Wednesday, June 30, 2010

~ The Sage ~

The Sage .......

There was a famous sage called, Sadat, who lived high up in the Himalayan Mountains, far away from humanity. He choose a simple life and spent most of his time meditating. People from all over the globe would travel for days on end to meet him and ask for his advice.

Once such a group of people approached sage Sadat with their problems, but they were unruly and fought amongst each other, because all of them wanted to speak first. Sage Sadat, a peaceful man, watched the commotion and finally said out loud, "Silence!"

The people were awe-struck and immediately kept quiet. Then sage Sadat said, "Sit down in a circle on the ground and await my return!"

He went into his little cottage and soon returned with some sheets of paper, pens, and a small cane basket. He passed out the paper and pens, and placed the basket in the middle of the circle. Then he told the people to write down the one most important problem they were troubled by and put it in the basket.

When everyone had finished, the sage shook the papers in the basket so as to mix them and calmly said, "Now pass the basket around and pick up which ever paper is on top. Read the problem and if you choose, make it your own or take back your own problem."

One by one the people picked out a paper and read each other's problems and were horrified. They came to the conclusion that their worst problem no matter how bad, was better than the next person's problem. Within minutes each of them exchanged their problems, and when they finally had their original paper in hand they felt content. They thanked the sage Sadat and went on their way.

Note: All of us have problems which we complain about and think are great, until we realize that someone else's are greater! Right?

Tuesday, June 29, 2010

~ The Story Of The Talkative Woodcutter ~

The Story Of The Talkative Woodcutter ...

In a far away land lived a certain woodcutter. Every day he chopped wood in a large forest outside his village. At the end of the day he carried the wood back to sell in the village. After twenty years of chopping wood he grew tired of it and one day shouted out loud for all the trees to hear him, "I don't want to do this anymore! I will cut one last load of firewood and then look for the bones of our father Adam, who brought us all this pain and trouble upon us, and burn them up."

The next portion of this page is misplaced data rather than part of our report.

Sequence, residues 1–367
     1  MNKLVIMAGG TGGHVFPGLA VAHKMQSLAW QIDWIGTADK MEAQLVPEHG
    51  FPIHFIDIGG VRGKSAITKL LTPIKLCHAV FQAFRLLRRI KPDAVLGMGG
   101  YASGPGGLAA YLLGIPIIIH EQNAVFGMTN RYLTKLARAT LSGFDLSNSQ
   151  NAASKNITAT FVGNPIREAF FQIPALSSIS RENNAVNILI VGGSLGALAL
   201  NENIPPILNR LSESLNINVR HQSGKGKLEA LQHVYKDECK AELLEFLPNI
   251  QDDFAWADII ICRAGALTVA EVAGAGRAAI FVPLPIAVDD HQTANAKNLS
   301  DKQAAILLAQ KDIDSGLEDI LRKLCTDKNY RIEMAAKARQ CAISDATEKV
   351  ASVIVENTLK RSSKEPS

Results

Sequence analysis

At that instant, God sent an angel to him in the form of a woman. The angel asked him what he was doing, and the woodcutter replied, " I am searching for the bones of Adam. I want to burn them, because of all the pain and trouble he brought us."

The angel said, "What if someone were to free you from all this work and weariness?"

Delighted, the woodcutter replied, "I would thank them a thousand times!"

So the angel said, "Then I will transport you to a garden where you will never have to work, but you must promise that no matter what you see there, you will not utter a single word."

The woodcutter agreed, and the angel clapped her hands together. In a flash, the woodcutter found himself in a beautiful garden filled with tall trees, clear streams, and lots of delicious fruit.

After a little while, the woodcutter saw a man cutting wood. He was cutting the live branches from the trees and leaving the dead ones. The woodcutter thought about his promise to the angel, but as he watched the man work, he could not restrain himself from saying, "Mister, don't you know that you should cut the dead branches and leave the live ones?"

The man paused and said, "Have you been here long?"

The next instant the woodcutter was back near his village with his axe, and he began to wail and beat his breast in anguish. Once again the angel appeared before him and asked what had happened. When the woodcutter told her, the angel said, "Didn't I tell you not to speak?"

"I promise I will not say a word if you let me go back," said the woodcutter. So the angel clapped her hands and the woodcutter was back in the heavenly garden.

After a little while, the woodcutter saw a gazelle running through the garden and an old man hobbling after it. Without thinking, the woodcutter shouted, "That gazelle is bounding here and there, old man. When will you give up and stop hobbling after it?"

The old man stopped and said, "Have you been here long?"

The next instant, the woodcutter was back at his woodpile in the thicket outside the village. Again he wailed and moaned, and once more the angel returned.

"Please have pity on me," said the woodcutter, "If you give me one more chance, may I be cursed if I speak again." The angel agreed, and in an instant the woodcutter was back in the heavenly garden.

Aware of his mistakes, the woodcutter remained silent for three days, but then he saw four men struggling to move the millstone of an oil press. They would all lift the millstone on one side and it would topple over onto the other side. Then they would move to the other side and repeat the same process. The woodcutter thought to himself, "Should I tell them or not? These men are senseless. I have to tell them."

So the woodcutter shouted, "Men, if you want to carry that millstone, you should lift it from all sides!"